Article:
In the Wake of the Titanic – Icebergs in the North Atlantic

On the evening of April 14th, 1912, the HMS Titanic was making her way from Southampton to New York. Steaming off the coast of Nova Scotia she collided with an Iceberg at 11:40 pm. By 2:20 am after taking on water along her starboard side, the “unsinkable” vessel foundered, broke apart, and sank with over a thousand souls on board. In response to this tragedy, the International Ice Patrol (IIP) was set up to monitor the flow of icebergs within shipping lanes between Europe, Canada, and the United States.

A full account of the International Ice Patrol and current threats posed by this year’s heavy ice flows can be found on  Please visit my blog at

How will ocean-borne commerce be affected? I think you will find this article interesting.

Enjoy – Matt

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The Age of Sail Reborn

Launched in 1851 the “Flying Cloud” was the fastest clipper ship under sail. Making the run from New York to San Francisco in 89 days 8 hours, she set the record as the fastest Packet ship afloat, a record which would stand for 100 years. In 1838 the SS Great Western became the first trans-Atlantic passenger liner to integrate steam with sail. By the mid-1800s, the Peninsular and Oriental Steam Navigation Company (P&O) was challenging the idea of long distance sailing routes with service to and from the Far East. The age of the commercial steamship was born.

A New Twist in Sail Technology

Marine architects, however, remained fascinated with commercial wind propulsion through the early 20thcentury. In 1924 German engineer Anton Flettner combined cylindrical “sails” with a rotary turbine which not only produces power to the generators but also forward drive. The rotation of the cylinder creates a force known as the Magnus effect which is similar to the spin on a baseball. The resulting force pulls the ship ahead adding speed and motion. Recently this technology has been refined and incorporated into a modern design from Norsepower Corporation of Finland. Under favorable conditions the sail allows the vessel to maintain speed while reducing power to her main engines. The net effect is both a savings in fuel and a reduction of carbon emissions. Norsepower Rotor Sails incorporate computer sensors which continually monitor wind across the sail, adjusting them as needed. They can be installed on new builds or retrofitted to existing vessels. Offering a total solution to auxiliary propulsion, Norsepower provides delivery, installation, and maintenance of their rotors.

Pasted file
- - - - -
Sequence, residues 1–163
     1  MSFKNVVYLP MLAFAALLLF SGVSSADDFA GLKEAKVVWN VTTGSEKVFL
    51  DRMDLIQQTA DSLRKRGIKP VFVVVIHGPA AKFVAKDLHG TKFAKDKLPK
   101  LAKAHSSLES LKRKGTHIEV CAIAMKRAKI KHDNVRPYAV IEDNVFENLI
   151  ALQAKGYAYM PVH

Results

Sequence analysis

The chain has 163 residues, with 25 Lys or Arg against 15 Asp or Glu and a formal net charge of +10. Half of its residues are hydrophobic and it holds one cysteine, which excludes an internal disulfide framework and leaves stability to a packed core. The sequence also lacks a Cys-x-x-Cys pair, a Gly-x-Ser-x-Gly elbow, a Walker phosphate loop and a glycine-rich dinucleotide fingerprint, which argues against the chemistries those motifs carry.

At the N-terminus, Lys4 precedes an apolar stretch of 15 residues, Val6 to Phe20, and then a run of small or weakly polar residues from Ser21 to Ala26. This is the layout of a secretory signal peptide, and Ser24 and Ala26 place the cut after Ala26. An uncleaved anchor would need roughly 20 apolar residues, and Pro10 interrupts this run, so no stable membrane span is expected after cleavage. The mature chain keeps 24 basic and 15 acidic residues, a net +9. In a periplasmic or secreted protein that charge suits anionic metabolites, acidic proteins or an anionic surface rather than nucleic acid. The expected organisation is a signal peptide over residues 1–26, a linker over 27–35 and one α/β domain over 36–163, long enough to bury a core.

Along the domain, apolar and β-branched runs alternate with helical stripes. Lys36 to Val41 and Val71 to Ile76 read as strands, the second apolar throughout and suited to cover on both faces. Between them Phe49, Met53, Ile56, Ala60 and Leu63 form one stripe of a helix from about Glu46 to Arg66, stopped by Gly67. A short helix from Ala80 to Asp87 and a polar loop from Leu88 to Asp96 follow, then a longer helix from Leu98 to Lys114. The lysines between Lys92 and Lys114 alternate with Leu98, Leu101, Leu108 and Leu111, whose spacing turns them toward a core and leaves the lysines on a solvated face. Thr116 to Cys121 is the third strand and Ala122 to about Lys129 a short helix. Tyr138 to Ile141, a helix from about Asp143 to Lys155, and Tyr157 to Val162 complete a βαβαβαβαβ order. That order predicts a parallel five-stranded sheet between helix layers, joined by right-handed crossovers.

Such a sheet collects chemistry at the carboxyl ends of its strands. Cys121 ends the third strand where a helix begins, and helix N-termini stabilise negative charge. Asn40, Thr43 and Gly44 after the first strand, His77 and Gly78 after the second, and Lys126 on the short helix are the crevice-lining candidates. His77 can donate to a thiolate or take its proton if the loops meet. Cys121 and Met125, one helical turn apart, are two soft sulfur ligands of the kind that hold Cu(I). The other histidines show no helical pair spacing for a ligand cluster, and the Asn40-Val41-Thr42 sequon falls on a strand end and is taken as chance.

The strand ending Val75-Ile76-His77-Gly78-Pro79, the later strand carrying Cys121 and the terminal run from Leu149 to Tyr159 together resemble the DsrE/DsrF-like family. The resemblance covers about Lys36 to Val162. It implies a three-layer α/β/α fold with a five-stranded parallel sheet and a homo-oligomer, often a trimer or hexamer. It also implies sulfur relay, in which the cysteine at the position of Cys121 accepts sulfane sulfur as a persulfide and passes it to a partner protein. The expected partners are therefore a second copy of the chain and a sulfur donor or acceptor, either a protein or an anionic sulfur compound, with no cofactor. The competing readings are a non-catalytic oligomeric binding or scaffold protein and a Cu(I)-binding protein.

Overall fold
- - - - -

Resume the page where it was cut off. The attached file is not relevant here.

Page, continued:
“The Age of Sail Reborn” appears in the current issue of  In it,  I look at the current technology being tested by Maersk Tankers and other wind power solutions which hold the promise of reducing our reliance on fossil fuels while cutting harmful emissions.   You can read it at   

I think you’ll find it interesting!


Please check out other articles on my website at

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U.S. Trade Policy a Delicate Balance

Happening Now

As we usher in a new administration, there is much speculation about the direction our trade policies will take. Campaign rhetoric leaned heavily toward abrupt change in dealing with our trading partners and talk of high import tariffs to protect American workers had been bandied about. The simple fact is “less may be more”.

If you would like to read the full blog please follow the link below:


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